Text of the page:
Master Drawings, Summer 2022
“Copy or coincidence?” questions Alexander McCargar, in the new issue of MASTER DRAWINGS (Vol 60, Issue 2). In it he proposes the influential role eighteenth-century scenographer Pietro Righini likely had on his contemporaries. McCargar, winner of the fourth annual Ricciardi prize, brings his expertise in set design to analyze Righini’s successful career alongside that of the renowned Bibiena family, celebrated designers of the stage.
The prize-winning essay is joined by an eclectic array of drawing scholarship including a fascinating examination of sixteenth-century artist Joris Hoefnagel’s use of lepidochromy, a transfer printing process using real insect wings. Read how conservator-curator team Kimberly Schenck and Stacey Sell of the National Gallery of Art in Washington, reveal how more than meets the eye in the artist’s beautiful depictions of insects.
You also don’t want to miss Jennifer Tonkovich’s illuminating examination of William Hogarth’s drawings for his iconic prints, “Beer Street,” and “Gin Lane;” a newly identified scene from the story of Esther by sixteenth-century Flemish artists known as the Pseudo-Aert Ortkens Group; and a discussion of three new attributions to sixteenth-century artist Giovanni Battista Ricci.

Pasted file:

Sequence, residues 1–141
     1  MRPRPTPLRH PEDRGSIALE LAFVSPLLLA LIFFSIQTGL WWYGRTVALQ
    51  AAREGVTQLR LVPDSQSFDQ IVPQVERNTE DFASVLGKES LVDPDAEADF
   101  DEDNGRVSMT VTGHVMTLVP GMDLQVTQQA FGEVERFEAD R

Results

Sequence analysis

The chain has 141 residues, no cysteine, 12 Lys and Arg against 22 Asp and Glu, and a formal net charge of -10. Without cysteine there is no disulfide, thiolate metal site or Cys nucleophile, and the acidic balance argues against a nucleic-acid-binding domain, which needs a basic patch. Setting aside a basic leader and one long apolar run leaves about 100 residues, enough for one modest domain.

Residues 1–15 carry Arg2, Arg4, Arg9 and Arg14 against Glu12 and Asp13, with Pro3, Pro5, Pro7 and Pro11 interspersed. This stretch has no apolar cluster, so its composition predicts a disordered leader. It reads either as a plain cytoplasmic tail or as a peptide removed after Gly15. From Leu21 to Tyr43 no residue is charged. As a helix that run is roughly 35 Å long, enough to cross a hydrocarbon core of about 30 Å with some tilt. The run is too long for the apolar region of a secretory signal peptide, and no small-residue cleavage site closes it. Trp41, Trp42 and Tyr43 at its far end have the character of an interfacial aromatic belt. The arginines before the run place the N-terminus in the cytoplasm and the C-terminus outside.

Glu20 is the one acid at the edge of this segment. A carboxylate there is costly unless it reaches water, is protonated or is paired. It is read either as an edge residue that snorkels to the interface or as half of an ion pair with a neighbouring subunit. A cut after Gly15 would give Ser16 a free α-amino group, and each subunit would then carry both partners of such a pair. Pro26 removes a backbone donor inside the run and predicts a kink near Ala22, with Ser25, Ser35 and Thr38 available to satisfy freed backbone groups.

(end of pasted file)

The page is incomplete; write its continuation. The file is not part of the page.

The issue closes with two very important and thorough reviews of publications on Rembrandt drawings: the complete catalogue raisonné by Peter Schatborn and Erik Hinterding as well as a volume by Achim Gnann devoted to the master’s landscapes.
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